The university in South Africa became a key site of struggle in 2015. Faculty and university leadership were taken by surprise as students demanded a change in the curriculum and increased access to affordable education. The protests were spearheaded by students part of the Rhodes Must Fall Movement (RMF) at the University of Cape Town but were later taken forward by a range of movements at other universities, including the University of Oxford. The student struggles expanded into broader demands for decolonisation, transformation and Africanisation. This public lecture examines why the university in South Africa has become a site of struggle and aims to make sense of the recent rise of student movements.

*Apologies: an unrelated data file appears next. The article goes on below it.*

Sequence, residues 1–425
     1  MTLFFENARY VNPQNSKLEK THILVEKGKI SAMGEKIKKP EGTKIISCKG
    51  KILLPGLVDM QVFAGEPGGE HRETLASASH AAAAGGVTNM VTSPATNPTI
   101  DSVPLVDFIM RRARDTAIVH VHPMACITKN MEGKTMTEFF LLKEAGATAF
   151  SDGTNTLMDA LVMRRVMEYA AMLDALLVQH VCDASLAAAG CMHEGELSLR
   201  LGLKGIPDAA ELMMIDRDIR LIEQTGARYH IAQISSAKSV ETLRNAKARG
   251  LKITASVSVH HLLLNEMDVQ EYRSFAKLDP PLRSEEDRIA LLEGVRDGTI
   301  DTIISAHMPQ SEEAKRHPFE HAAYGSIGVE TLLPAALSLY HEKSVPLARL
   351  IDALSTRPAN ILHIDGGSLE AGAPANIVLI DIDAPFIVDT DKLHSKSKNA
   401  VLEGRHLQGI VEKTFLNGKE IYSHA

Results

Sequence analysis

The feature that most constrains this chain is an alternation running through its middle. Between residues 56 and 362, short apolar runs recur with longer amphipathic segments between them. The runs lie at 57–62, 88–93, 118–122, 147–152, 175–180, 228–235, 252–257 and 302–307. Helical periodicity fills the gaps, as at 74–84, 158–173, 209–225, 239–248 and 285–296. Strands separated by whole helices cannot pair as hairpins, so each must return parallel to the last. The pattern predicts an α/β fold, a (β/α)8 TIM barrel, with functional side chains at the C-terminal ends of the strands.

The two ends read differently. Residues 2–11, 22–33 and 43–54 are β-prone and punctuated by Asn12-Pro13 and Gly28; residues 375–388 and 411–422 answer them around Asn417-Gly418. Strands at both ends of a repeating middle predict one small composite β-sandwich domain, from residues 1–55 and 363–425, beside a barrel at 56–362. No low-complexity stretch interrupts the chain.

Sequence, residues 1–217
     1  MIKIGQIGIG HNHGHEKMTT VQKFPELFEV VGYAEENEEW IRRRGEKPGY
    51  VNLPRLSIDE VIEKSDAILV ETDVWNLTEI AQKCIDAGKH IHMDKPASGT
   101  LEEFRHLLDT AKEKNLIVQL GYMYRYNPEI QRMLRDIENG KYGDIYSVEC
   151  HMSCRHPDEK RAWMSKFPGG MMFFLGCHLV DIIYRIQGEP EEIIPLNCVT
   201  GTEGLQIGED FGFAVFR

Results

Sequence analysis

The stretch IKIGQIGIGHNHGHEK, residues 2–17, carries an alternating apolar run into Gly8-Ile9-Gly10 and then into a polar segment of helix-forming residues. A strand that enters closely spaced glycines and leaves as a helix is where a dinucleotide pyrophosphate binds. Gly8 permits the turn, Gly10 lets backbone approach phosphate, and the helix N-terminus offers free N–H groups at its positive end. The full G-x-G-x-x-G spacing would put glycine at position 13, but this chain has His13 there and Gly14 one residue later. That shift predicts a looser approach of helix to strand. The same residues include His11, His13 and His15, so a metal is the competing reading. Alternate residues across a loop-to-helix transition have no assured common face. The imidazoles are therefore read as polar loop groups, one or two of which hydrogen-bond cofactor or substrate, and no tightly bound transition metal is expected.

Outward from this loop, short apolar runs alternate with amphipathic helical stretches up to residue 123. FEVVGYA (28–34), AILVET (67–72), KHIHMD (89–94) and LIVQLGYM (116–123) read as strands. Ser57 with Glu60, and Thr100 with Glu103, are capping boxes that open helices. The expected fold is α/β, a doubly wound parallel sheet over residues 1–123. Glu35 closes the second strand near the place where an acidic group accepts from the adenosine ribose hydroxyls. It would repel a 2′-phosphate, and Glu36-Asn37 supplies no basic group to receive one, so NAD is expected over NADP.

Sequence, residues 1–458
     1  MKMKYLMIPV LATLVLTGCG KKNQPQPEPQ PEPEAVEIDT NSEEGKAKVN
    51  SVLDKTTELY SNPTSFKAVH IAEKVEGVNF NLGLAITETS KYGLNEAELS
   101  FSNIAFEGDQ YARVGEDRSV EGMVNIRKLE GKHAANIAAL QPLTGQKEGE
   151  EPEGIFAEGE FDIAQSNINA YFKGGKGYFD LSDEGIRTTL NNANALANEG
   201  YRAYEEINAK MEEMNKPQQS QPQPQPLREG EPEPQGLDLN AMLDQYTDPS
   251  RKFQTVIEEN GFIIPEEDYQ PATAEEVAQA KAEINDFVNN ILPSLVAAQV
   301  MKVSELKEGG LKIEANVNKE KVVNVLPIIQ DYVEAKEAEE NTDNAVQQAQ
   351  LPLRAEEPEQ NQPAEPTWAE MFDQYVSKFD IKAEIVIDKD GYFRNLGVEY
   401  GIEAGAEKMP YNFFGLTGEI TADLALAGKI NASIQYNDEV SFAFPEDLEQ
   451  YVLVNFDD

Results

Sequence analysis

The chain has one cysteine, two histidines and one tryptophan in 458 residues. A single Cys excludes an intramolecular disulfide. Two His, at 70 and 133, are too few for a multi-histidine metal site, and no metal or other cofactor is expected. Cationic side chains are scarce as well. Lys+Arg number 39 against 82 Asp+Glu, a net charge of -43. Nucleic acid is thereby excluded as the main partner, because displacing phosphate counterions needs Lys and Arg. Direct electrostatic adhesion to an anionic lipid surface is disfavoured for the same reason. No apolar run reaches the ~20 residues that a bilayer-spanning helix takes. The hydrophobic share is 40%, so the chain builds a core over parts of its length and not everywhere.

Professor Sabelo J. Ndlovu-Gatsheni is Head of the Archie Mafeje Research Institute for Applied Social Policy (AMRI) and the founder and coordinator of the Africa Decolonial Research Network (ADERN) at the University of South Africa (UNISA) in Pretoria. He is a historian and decolonial theorist who has published extensively in African history, politics, and development. His most recent books include Mugabeism? History, Politics and Power in Zimbabwe (Palgrave Macmillan, 2015); The Decolonial Mandela: Peace, Justice and the Politics of Life (Berghahn Books, 2016); and Empire, Global Coloniality and African Subjectivity (Berghahn Books, 2013). He is currently working on a co-edited book provisionally entitled Epistemic Break in Humanities and Social Sciences: Towards Decolonization of the African University.